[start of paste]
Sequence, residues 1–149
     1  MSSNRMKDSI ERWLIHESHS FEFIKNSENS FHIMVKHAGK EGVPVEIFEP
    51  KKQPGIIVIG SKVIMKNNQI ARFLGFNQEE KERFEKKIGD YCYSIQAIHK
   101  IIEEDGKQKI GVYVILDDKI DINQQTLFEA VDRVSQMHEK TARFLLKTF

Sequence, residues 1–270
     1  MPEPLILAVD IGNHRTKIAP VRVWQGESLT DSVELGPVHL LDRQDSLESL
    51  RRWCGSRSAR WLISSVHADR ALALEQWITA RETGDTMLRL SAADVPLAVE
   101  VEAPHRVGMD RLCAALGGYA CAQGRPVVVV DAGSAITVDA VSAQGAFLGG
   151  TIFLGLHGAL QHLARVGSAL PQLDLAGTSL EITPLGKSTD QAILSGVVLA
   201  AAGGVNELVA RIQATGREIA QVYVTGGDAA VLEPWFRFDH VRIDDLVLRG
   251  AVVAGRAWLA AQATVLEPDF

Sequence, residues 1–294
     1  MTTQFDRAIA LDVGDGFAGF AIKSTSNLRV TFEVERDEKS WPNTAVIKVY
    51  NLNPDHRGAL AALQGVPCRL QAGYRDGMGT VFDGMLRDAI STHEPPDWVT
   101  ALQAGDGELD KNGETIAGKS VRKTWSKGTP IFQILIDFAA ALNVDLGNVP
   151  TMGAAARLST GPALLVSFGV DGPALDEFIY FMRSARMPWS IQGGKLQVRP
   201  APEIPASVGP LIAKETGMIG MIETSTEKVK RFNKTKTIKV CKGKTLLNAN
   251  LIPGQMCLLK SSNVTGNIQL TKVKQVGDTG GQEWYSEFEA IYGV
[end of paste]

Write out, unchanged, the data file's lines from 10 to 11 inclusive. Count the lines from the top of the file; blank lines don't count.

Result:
   201  AAGGVNELVA RIQATGREIA QVYVTGGDAA VLEPWFRFDH VRIDDLVLRG
   251  AVVAGRAWLA AQATVLEPDF